LONICERA HILDEBRANDIANA

LONICERA HILDEBRANDIANA

FAMILY :: CAPRIFOLIACEAE
GIANT BURMESE HONEYSUCKLE: This honeysuckle is spectacular, but it’s not reliably hardy where temperatures drop below freezing often, although mature specimens have survived short temperature dips to the low 20ºs.

The evergreen leaves are leathery, dark green and up to 6″ long. The flowers are sweetly fragrant, white to yellow to orange and up to 7″ long in pairs along the stems. It has black 1″ diameter fruit. Actually, this honeysuckle looks more like a tree than a vine. It thrives in rich soil in part shade or sun in the tropics or subtropics and even in coastal or Southern California and other near subtropical regions. Origiannly from Southeast Asia.

LONICERA JAPONICA ‘Halliana’

LONICERA JAPONICA ‘Halliana’

FAMILY :: CAPRIFOLIACEAE
HALL’S HONEYSUCKLE, JIN-YIN-HUA: Called the “silver and gold flower” in China, this hardy, easily grown evergreen vine or ground cover has been used in traditional Chinese medicine for 1500 years. “Hall’s” variety was developed in New York in 1862 by George Hall as a more vigorous variety of this species.

Medicinally, a tea of the flowers is considered febrifuge, astringent, depurative, antidiarrhetic and diuretic. In practical terms, it is widely used in China to treat colds and the flu. As with most honeysuckles, it grows quite well in sun or part shade in relatively moist, acid soil, although it will survive almost anywhere. It flowers all summer with multitudes of very sweetly scented 1½” white turning yellow (or silver turning gold) flowers in pairs along the stem. The black berries are somewhat poisonous.

SAMBUCUS NIGRA

SAMBUCUS NIGRA

“The whole plant has a narcotic smell and it is not prudent to sleep under its shade.”
— Good’s Family Flora, 1854

FAMILY :: CAPRIFOLIACEAE
BLACK ELDER, RIXUS, IXUS, AKTE: A hardy shrub or small tree (growing to a maximum height of 15-30′) employed in medicine and magic since the days of ancient Egypt.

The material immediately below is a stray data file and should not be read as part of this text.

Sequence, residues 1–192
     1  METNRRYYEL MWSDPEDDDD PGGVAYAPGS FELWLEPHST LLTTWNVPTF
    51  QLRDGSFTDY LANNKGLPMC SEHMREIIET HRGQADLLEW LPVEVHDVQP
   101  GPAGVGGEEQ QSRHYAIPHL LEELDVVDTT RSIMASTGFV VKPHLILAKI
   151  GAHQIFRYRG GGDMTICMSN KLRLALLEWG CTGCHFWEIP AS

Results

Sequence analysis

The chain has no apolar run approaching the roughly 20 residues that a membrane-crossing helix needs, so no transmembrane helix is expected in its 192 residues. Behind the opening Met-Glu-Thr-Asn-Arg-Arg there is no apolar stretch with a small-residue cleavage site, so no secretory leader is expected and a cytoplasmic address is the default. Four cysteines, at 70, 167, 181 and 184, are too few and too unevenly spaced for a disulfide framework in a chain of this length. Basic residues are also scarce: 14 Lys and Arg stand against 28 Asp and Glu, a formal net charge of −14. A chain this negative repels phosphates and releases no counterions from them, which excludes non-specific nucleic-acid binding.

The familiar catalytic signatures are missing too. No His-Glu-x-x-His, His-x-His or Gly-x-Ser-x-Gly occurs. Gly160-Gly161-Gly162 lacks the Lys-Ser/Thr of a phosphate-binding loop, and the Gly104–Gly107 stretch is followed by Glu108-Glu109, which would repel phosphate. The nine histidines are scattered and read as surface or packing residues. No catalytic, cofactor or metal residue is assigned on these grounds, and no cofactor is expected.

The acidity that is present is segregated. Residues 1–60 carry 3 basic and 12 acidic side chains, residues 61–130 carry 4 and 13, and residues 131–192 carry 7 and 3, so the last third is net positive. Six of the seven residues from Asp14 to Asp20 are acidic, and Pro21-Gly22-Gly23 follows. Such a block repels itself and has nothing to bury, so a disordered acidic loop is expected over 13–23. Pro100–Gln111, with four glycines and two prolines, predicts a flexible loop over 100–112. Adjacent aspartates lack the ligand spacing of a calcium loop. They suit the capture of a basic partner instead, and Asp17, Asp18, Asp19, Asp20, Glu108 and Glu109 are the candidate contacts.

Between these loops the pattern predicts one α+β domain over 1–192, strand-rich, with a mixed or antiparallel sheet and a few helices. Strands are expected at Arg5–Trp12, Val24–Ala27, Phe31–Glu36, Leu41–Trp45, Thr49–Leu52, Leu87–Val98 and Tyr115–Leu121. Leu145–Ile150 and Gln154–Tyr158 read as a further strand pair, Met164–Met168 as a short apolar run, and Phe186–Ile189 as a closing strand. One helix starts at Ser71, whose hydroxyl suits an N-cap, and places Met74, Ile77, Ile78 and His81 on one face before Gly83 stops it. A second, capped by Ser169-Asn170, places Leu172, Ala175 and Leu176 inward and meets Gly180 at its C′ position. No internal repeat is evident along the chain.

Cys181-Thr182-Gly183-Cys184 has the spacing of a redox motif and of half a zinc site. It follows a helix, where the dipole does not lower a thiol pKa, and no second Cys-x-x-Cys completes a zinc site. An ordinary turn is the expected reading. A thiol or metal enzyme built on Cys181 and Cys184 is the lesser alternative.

It has been used popularly as a diaphoretic, laxative, antispasmodic, diuretic and emollient. Practically, it has been used to make wine (from the berries and flowers), as a skin wash, in cosmetics, as a fine wood. All parts of the plant are said to have valuable uses. 8″ white flower clusters in mid-spring. The fruit, though small, is edible. Prefers rich, moist soil. Used in witchcraft. Also used in non-witchcraft. A great plant.

In selling poisonous, drug or witchcraft plants, I have often been criticized by “moralistic” members of the religious right and left, and have developed a considerable intolerance for the ignorance and hypocrisy of these people and their doctrines of superficial abstinence, apocalyptic license, martyred suffering and banal prudishness.

Perhaps I should explain a little further: In my life I have seen no evidence of the existence of a sentient superior being that commands worship. I believe that all beings are equal in a right to life and death. Beyond this, life can be a bitch… or not.

We are all being propelled blindly through space on this huge chunk of rock called Earth. Sometimes when I go to the top of a mountain and lie down, with my back to the earth, I feel like I need to hang on not to be spun off into space.

Religion, to me, is a coward’s approach to life: “If I make enough rules, then life will have meaning or at least easily recognizable guideposts and I won’t have to think any longer or figure it out for myself.” The tree of knowledge has been chopped down and burned to roast marshmallows.

It certainly wasn’t put to fire for the light.

It truly amazes me that throughout history, man (or woman) has constantly worshiped his/her “true” god(s) or goddess’ only to have it (or them) replaced by others as the previous are proven false. This has happened over and over. Apparently, there’s a lot of money to be made in religion.